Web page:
Pick up your skirts, tighten that corset, and get ready to throw off the shackles of propriety because I am about to spend six days at the Romantic Times Booklovers Convention in Atlanta, GA. This event attracts 3,500 fans, 600 authors, and offers over 200 workshops with titles like, “Happily Ever After Bad Boy,” “Fighting and Frenching” and “Shifters Between the Sheets.”
The convention agenda is absolutely packed from 7:00 a.m. – 11:30 p.m., and there isn’t even a lunch break on some days. There’s a male cover model meet and greet, exercise classes that “follow the arch of a romance novel plot” (???), and multiple costume parties every day ranging from a Rockabilly Street Festival to the Pioneer Hearts Hoedown. It honestly sounds like the most ridiculous experience of my life, and I can hardly wait.
I must admit that outside of Charlaine Harris, Beverly Jenkins, and Sherrilyn Kenyon, I don’t recognize a lot of the big industry names attending. But I’m not there to get my favorite books autographed or ask authors where they get their ideas. I’m going because I want to be surrounded by people who take these types of books seriously and understand there’s nothing wrong with wanting a happy ending. I’m going because I’ve been writing a romance novel in my head for years but have only recently put it down on paper. I’m going because I really want to get a grasp on the genre, understand reader expectations, and get a feel for the publishing world. I’m going because the bottom of my name badge will be printed with the words “Aspiring Author,” and for once in my life, I feel like it’s true.
I’ve had my ups and down with the genre – I was a fan of romance novels in high school (I LOVED the cheesy covers!), but then I went to college and learned in my creative writing classes that (surprise!) they were actually drivel. Romantic stories were not real writing, and people who read them were unsophisticated frumps. And if I ever wanted to be a real writer, I only had three choices: I had to write literary fiction, poetry, or creative non-fiction essays. So I chose to put my energy into creative non-fiction essays and didn’t touch a romance novel again for fifteen years.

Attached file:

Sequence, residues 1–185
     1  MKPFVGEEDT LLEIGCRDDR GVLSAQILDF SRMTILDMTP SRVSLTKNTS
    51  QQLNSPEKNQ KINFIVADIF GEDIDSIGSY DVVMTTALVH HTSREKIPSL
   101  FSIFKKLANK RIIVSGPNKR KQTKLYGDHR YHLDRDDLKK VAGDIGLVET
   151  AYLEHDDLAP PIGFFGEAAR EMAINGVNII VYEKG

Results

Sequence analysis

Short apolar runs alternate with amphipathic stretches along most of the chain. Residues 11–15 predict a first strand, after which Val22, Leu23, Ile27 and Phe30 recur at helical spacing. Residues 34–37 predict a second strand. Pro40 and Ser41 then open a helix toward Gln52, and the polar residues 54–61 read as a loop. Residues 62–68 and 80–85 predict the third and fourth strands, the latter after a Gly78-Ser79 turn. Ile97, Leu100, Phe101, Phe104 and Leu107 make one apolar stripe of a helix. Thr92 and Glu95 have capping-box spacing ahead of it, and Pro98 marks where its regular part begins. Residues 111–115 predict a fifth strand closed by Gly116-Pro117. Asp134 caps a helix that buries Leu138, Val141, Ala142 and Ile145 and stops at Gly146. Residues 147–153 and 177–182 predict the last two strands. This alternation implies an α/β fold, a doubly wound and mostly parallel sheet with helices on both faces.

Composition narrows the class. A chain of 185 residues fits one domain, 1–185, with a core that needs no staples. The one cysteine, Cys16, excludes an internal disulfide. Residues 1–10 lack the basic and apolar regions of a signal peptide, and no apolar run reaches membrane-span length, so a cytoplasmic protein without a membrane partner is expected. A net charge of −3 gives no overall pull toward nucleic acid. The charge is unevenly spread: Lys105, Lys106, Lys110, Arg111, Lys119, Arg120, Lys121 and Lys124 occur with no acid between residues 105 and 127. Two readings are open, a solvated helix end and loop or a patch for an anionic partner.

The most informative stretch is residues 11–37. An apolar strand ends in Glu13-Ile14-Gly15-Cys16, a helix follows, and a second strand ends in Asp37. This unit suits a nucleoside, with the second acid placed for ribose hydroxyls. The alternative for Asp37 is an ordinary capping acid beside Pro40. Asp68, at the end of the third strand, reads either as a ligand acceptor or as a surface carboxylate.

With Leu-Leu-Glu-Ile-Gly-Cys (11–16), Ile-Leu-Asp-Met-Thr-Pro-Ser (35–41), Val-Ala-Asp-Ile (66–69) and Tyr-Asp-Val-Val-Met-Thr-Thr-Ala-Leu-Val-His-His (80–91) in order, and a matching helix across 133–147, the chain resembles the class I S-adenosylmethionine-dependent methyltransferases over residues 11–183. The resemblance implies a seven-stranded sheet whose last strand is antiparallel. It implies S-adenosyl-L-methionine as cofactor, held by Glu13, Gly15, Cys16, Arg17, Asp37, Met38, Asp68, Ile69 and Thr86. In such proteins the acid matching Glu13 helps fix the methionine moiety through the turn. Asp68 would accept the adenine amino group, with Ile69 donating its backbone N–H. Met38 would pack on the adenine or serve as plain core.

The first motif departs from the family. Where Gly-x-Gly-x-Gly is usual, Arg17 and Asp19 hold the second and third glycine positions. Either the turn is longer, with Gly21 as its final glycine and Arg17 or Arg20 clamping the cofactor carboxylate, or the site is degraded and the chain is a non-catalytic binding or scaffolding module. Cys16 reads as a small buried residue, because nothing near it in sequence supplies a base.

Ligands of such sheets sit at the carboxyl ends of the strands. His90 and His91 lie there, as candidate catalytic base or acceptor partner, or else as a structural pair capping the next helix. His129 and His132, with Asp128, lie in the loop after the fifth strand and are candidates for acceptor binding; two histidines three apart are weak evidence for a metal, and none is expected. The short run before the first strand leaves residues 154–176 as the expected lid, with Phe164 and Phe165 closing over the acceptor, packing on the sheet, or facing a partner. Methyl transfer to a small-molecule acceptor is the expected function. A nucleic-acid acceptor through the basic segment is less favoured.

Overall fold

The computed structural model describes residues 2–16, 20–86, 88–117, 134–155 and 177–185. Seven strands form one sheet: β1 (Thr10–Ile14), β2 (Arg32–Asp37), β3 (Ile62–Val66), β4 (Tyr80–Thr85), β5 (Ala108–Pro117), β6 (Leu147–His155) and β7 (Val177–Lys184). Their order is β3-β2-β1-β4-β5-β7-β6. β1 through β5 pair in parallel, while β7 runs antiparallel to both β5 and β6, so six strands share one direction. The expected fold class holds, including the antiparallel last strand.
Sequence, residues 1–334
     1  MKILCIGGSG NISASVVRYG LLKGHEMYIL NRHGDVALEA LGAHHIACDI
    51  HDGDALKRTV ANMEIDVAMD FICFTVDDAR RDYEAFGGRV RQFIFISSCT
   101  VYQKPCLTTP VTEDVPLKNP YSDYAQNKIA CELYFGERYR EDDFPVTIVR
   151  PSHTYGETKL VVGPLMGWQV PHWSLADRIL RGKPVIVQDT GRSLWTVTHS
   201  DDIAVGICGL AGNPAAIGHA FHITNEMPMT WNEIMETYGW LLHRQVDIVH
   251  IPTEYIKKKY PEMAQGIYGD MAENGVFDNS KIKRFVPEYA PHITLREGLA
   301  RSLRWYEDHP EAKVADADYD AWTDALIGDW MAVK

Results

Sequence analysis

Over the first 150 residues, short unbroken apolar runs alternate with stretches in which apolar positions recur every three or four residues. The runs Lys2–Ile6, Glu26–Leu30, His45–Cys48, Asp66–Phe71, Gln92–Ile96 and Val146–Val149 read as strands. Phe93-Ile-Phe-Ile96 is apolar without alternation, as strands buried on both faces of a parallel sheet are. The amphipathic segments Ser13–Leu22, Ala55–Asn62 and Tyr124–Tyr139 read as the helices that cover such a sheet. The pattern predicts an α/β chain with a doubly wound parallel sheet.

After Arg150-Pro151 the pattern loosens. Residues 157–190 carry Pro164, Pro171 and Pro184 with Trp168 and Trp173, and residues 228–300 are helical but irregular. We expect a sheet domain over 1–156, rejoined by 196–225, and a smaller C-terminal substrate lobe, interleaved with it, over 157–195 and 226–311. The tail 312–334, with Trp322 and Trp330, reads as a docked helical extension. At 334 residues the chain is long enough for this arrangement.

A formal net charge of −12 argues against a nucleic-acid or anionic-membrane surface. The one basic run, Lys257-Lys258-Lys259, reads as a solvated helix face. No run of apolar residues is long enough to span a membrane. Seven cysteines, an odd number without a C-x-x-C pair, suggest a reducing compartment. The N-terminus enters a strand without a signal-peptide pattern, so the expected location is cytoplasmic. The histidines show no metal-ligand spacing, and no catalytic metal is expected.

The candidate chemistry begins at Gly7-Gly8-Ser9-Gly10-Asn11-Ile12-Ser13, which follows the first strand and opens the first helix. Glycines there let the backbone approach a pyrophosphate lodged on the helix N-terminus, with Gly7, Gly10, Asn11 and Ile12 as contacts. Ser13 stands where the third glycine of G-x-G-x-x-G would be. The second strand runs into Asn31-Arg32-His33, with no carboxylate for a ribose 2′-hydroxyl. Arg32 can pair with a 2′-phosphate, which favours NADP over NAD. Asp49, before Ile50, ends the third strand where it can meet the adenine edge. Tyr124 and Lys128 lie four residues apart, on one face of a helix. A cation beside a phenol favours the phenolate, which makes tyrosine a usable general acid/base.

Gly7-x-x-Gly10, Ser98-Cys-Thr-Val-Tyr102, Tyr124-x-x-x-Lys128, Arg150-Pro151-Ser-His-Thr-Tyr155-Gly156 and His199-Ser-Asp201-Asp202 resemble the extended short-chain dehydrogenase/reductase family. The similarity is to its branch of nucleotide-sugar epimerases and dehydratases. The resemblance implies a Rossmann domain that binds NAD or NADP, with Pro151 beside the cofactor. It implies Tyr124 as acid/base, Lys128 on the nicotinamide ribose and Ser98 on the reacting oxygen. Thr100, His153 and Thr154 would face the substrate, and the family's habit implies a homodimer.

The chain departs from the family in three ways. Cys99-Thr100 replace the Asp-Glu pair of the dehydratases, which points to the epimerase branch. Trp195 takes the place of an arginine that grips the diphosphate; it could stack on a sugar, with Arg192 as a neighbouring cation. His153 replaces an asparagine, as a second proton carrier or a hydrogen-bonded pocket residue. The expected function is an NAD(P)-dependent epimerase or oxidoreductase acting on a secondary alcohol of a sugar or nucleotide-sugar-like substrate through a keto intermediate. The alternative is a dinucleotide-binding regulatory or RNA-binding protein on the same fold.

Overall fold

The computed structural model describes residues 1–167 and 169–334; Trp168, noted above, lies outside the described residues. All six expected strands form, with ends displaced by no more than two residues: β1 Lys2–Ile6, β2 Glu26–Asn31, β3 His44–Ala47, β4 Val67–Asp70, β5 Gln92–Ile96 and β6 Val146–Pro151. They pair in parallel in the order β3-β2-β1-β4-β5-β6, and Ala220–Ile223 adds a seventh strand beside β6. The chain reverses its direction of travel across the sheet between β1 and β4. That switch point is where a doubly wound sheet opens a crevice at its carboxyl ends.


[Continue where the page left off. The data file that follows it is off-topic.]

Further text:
When I finally picked up a romance novel again, I was looking for an escape. I was working in a job where I was exposed to terrible accounts of violence against women, and I just wanted to read something where a woman found her happy ending. I was browsing the clearance table at Books-A-Million when P.C. Cast’s Goddess Summoning series caught my attention, and I bought them all on a whim, chuckling that this was a strictly ironic lark into a long-outgrown interest.
As I worked my way through the series, there were some installations I enjoyed and some I didn’t, but when I finished them all, I found I didn’t want to stop. I liked reading stories about strong women who loved men who were masculine but not misogynistic. Books where the only horrible thing that happened to a female body was a twisted ankle after running in a meadow or light neck bleeding after a consensual vampire bite. And so I bought more. I found authors I liked and read their entire catalog. I read books that I disliked and didn’t bother to finish them. But sometimes, when I read books with clumsy plotting or hokey dialogue, I began to wonder if I could do it better.